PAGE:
The average total dose rate for the USA is 360 mrem a year. It has been estimated that your chance of dying from cancer increases 10% if you accumulate a total of 250,000 mrem. This would be over 3,000 mrem a year over 80 years, for example. This estimates presumably assume a linear risk factor between dose and the chance of getting cancer, and there are those who now dispute such assumptions, which means the risks from low levels of radiation may be overstated.

A single dose of around 450 R (450,000 mR) is usually considered produce death in 50% of the cases.

What is radioactivity?

Radioactive decay, also known as nuclear decay or radioactivity, is the process by which a nucleus of an unstable atom loses energy by emitting particles of ionizing radiation. A material that spontaneously emits this kind of radiation – which includes the emission of energetic alpha particles, beta particles, and gamma rays - is considered radioactive.

There are many different types of radioactive decay. A decay, or loss of energy, results when an atom with one type of nucleus, called the parent radionuclide, transforms to an atom with a nucleus in a different state, or to a different nucleus containing different numbers of protons and neutrons. Either of these products is named the daughter nuclide. In some decays the parent and daughter are different chemical elements, and thus the decay process results in nuclear transmutation (creation of an atom of a new element).

The first decay processes to be discovered were alpha decay, beta decay, and gamma decay. Alpha decay occurs when the nucleus ejects an alpha particle (helium nucleus). This is the most common process of emitting nucleons, but in rarer types of decays, nuclei can eject protons, or specific nuclei of other elements (in the process called cluster decay). Beta decay occurs when the nucleus emits an electron or positron and a type of neutrino, in a process that changes a proton to a neutron or the other way around. The nucleus may capture an orbiting electron, converting a proton into a neutron (electron capture). All of these processes result in nuclear transmutation.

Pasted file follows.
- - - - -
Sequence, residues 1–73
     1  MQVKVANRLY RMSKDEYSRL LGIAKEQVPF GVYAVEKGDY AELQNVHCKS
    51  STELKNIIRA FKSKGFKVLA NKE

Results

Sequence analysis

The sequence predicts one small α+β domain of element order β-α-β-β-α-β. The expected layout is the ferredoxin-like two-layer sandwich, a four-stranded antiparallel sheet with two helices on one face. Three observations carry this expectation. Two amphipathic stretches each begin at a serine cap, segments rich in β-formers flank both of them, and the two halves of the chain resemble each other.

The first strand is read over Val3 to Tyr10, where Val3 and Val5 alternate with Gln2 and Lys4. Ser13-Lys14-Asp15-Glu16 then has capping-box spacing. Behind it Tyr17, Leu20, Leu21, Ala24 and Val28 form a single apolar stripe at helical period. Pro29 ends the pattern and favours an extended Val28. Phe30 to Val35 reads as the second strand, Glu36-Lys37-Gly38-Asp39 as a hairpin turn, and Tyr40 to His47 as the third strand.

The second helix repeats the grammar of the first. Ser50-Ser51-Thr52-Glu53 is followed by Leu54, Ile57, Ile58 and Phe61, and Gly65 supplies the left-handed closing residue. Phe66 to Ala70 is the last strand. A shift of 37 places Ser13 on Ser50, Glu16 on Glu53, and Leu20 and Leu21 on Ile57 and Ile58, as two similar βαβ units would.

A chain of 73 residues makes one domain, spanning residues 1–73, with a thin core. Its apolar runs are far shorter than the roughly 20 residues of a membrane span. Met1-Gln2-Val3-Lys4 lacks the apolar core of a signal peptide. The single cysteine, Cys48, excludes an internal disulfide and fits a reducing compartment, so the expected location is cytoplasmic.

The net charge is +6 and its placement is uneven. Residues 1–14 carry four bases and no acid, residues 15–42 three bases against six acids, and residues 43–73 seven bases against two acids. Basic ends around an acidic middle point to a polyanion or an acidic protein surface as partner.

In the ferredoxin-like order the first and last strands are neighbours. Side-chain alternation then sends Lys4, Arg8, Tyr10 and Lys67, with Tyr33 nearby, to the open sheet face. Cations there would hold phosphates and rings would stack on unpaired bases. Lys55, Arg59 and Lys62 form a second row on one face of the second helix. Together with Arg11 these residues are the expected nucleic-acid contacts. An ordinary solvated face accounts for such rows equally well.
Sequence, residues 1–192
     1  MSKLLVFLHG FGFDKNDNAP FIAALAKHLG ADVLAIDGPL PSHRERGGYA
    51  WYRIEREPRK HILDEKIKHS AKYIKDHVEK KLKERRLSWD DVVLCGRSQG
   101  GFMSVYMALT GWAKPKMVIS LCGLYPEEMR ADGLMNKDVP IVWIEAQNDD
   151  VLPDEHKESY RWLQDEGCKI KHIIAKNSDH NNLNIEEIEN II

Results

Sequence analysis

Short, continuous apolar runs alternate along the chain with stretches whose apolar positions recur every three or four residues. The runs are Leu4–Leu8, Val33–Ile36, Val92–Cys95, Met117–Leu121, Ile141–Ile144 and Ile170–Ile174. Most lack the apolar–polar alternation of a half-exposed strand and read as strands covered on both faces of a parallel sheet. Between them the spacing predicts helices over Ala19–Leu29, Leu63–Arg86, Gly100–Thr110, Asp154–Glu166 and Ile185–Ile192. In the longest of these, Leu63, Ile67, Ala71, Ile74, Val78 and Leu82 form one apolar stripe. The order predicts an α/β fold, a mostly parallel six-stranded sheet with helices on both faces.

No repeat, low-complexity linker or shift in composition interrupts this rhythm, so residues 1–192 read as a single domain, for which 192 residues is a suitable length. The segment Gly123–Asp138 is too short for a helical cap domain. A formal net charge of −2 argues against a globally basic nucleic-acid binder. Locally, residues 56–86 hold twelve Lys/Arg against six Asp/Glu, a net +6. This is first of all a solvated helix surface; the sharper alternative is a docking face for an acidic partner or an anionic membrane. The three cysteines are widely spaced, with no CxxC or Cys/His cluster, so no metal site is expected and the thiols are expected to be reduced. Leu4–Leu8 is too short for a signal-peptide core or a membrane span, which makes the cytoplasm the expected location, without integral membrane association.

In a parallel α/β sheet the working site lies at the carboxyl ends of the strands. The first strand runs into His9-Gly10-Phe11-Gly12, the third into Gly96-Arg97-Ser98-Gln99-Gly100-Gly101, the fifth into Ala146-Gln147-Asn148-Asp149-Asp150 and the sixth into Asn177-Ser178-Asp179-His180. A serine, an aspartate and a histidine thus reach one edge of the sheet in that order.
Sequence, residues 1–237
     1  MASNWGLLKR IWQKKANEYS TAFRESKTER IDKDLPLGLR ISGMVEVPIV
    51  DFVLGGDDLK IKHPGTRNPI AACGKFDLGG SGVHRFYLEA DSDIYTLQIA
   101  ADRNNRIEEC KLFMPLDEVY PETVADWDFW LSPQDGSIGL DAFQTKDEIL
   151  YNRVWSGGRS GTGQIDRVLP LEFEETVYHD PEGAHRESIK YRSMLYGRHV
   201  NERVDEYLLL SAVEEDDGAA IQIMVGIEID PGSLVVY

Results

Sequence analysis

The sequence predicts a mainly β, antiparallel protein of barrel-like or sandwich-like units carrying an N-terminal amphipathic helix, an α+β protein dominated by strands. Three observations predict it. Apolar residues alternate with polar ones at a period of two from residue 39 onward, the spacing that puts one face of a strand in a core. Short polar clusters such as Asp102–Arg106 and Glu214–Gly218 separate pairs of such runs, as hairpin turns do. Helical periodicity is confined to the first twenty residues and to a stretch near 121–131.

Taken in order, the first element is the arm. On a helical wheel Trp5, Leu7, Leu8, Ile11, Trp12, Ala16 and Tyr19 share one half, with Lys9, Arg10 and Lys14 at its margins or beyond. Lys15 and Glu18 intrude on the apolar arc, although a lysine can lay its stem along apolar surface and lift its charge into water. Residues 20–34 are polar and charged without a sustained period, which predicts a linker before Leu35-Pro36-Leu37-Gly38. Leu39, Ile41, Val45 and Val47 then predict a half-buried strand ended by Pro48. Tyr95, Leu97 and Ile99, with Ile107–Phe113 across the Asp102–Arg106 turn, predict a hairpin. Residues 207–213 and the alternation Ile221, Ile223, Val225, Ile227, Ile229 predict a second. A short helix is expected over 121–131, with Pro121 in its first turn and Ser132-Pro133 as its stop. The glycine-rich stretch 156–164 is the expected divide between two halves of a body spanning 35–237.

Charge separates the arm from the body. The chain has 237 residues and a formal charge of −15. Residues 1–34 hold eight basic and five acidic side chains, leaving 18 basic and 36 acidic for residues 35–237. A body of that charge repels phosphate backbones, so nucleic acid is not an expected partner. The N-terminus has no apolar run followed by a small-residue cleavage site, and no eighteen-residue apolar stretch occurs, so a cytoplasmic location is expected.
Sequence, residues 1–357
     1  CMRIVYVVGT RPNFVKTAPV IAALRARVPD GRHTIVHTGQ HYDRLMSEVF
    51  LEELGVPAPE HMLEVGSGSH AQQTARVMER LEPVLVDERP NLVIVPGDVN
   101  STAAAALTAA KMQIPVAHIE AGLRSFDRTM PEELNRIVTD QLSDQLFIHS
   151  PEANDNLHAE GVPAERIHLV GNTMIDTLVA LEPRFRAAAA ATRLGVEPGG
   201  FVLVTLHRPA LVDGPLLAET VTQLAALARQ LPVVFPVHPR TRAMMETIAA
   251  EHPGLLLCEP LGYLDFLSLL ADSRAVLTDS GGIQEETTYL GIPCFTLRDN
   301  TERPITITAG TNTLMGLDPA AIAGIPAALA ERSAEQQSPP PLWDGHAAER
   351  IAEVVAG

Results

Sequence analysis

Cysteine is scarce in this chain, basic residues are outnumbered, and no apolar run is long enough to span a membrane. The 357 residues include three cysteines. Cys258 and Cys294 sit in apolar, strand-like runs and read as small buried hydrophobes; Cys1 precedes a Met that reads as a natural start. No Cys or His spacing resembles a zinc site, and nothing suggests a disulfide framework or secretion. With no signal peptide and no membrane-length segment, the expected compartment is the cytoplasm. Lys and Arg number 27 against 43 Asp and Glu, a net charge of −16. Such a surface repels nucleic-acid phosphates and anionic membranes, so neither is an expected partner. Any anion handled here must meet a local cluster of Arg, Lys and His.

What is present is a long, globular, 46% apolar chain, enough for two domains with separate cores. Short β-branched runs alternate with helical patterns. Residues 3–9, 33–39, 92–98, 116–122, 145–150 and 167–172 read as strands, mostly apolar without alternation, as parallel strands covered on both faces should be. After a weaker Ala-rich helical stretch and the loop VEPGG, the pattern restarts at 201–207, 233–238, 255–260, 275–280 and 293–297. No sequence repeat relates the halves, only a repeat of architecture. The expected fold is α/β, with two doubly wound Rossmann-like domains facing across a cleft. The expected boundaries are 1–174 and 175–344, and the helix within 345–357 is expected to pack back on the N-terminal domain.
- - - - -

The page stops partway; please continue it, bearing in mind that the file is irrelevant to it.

The trefoil symbol is used to indicate radioactive material.

The new radioactive danger symbol is used to indicate dangerous ionizing radioactive material.


ionizing radiation

Illustration of the relative abilities of three different types of ionizing radiation to penetrate solid matter. Alpha particles (α) are stopped by a sheet of paper while beta particles (β) are stopped by an aluminium plate. Gamma radiation (γ) is dampened when it penetrates lead.

Radioactive Elements

This is a list or table of elements that are radioactive. All elements have radioactive isotopes. This table contains the elements that have no stable isotopes. Each element is followed by the most stable known isotope and its half-life.

This list is sorted by increasing atomic number.

Reference: International Atomic Energy Agency ENSDF database (Oct 2010)

radioactive elements


Most Stable Isotope

of Most Stable Istope



4.21 x 106 years



17.4 years



102 years



8.1 hours



3.82 days



22 minutes



1600 years



21.77 years



7.54 x 104 years



3.28 x 104 years